Question about 2003 Mercury Mountaineer
Please tell me where to put the fluid. there is a med. size cylinder that does not have a label on it, but the fluid inside is low, is that where the fluid goes
Nope there is no dipstick, to put fluid in, you have to take out the inner drain plug, if you look on the trans pan you will see a drain plug with either a torx or allen head plug in the middle, take this out with the engine running and at normal temperature, dont worry fluid will not come pouring out (there is a standpipe that goes up into the trans) to add fluid you need to squirt it up through this hole with a tube or whatever you can find that works, when it is full you will have a steady drip from the plug, thats the only way to do it. hope this helps
Posted on Dec 02, 2008
I have recently changed and added fluid to my 2003 Mercury Mountaineer with help from a Chilton manual. None of the answers posted so far are quite correct...and since I researched this for months before finding a proper solution I figured I would let everyone know how to do this.
Tools needed: Mercon V trans fluid, torx head socket to remove trans drain/add plug, an adjustable wrench to loosen the main bolt on the drain/add plug, a pump to add fluid back in, and (if possible) a temp gun like a service station would use. Last, but not least, you will need a special nozel that fits in the bottom of the drain hole to add fluid back in with. (I could only find this at OReilly's. It was a special order from 'OTC' <OTC Part No. 6604>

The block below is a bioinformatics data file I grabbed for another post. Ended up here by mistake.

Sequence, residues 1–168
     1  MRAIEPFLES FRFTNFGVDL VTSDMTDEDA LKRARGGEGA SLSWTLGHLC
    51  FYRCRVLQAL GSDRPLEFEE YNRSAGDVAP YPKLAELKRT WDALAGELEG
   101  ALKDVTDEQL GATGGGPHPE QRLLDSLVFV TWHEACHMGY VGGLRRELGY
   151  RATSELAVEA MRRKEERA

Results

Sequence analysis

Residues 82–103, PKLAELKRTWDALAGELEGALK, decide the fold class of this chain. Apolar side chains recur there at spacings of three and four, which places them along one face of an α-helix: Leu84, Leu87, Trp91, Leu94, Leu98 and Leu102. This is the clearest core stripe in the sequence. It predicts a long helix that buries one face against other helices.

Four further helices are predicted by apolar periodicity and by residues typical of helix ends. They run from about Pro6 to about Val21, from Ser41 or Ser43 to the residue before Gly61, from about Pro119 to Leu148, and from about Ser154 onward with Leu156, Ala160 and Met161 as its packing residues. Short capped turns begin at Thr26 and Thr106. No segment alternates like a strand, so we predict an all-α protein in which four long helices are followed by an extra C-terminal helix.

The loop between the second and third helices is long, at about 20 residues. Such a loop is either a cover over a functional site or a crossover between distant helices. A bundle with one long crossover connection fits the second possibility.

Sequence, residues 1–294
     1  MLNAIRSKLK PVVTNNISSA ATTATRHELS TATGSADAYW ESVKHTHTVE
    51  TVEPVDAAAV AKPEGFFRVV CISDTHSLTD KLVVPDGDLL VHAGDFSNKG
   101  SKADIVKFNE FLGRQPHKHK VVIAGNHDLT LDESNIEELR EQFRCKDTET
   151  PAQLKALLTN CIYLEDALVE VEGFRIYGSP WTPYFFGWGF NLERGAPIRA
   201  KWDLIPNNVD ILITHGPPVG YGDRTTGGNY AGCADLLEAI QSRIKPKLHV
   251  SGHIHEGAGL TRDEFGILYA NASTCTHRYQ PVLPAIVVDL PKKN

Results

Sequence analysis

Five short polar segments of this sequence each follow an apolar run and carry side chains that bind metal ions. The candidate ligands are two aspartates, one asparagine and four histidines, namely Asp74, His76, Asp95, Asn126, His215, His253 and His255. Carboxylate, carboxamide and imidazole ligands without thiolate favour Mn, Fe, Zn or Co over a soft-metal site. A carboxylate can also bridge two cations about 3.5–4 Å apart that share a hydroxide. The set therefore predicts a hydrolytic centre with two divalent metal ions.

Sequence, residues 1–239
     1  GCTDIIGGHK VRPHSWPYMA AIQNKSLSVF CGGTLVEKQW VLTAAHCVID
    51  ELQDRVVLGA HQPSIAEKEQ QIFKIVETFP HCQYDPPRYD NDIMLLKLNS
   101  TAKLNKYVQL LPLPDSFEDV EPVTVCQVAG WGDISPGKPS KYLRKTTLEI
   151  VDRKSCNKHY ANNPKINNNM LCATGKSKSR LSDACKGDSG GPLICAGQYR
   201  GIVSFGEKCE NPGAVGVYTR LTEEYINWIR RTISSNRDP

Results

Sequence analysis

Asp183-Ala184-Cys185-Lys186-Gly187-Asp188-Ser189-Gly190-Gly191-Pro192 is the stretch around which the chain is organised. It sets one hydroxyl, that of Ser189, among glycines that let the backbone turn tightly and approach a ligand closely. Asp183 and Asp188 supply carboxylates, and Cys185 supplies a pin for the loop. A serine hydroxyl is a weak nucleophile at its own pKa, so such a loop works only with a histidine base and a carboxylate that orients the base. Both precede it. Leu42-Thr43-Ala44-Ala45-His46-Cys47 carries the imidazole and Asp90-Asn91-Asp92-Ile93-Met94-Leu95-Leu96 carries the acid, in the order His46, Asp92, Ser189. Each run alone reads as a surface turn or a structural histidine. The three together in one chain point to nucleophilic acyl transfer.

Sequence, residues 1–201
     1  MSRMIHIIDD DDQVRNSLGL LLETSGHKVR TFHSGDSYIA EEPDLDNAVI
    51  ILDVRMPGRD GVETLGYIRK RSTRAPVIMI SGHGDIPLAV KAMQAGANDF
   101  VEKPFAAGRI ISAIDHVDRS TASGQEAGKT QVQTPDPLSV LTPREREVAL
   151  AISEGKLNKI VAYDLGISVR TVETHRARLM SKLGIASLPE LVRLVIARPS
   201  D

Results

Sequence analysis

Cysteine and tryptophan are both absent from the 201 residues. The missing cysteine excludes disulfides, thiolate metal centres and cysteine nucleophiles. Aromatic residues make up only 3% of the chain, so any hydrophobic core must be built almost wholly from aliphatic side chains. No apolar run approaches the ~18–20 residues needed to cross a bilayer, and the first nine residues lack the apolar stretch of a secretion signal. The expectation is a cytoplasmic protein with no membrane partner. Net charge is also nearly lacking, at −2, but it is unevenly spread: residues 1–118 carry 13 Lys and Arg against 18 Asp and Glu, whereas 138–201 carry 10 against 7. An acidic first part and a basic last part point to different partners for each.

In my opinion this is a terribly designed transmission. To add, remove, or check fluid follow these steps:
1. Heat fluid to 180 degrees F.
2. Raise entire vehicle using a level to make sure the vehicle is completely level.
3. With foot on break, shift through all gears, place back in park.
4. Go under transmission pan, and by using torx head socket (and PB blaster or you'll break the socket), Loosen the middle plug on the main trans drain plug. (There is a larger bolt head on the drain plug with a smaller plug inside it)
5. Replace center plug with OTC part No 6604.
6. Loosen, (but not all the way) the main bolt plug.
7. Now, this will tell you your fluid level. (Per Chiltons manual: If fluid pours out your trans is overfilled. If fluid drips out the level is ok. If no fluid comes out, add and repeat until you get a slow drip, indicating the proper level.
7B. If you need to add fluid, at this point you would use the pump. They make plunger pumps for differentials that are supposed to work well, but I used a simple $3.99 bulb pump just fine.
8. When level is correct, tighten main bolt.
9. Remove OTC No. 6604
10. Replace center plug with torx head socket.
That sounds complicated but it's not bad once you have what you need. The BIG problem is that this IS a sealed trans. Ok for BMWs...not so good on a Ford products! SO, if your fluid level begins to become inconsistent be vigilant. Because there is likely an underlying problem causing this.
Temp Gun Note: The temp gun is to make sure your fluid is at 180 degrees. However, Chilton reports that this is about where it would be after driving around the block a couple times. Since I'm not a pro, and don't have one, I did the latter and it worked fine.
HOPE THIS HELPS!!! This was a ****** for me to research, but my Mountaineer runs fine (relatively speaking :) and I know very little about fixing cars. Just researched it till I found the correct fix.
Peace, and good luck!
Posted on May 01, 2011
I looked this up, the transmission is sealed, there is no dipstick.
Posted on Dec 02, 2008
Transmission fluid goes into the tube that contains the dipstick to check the transmission fluid.
You may be looking at the power steering reservoir. If so you can put transmission fluid in it. The power steering reservoir is usually in the middle of the engine.
However, you need to make sure you are not looking at the brake fluid container. DO NOT put transmission fluid in it. The brake fluid reservoir is usually all the way in the back of the engine compartment on the driver's side.
Posted on Dec 02, 2008
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Posted on Jan 02, 2017
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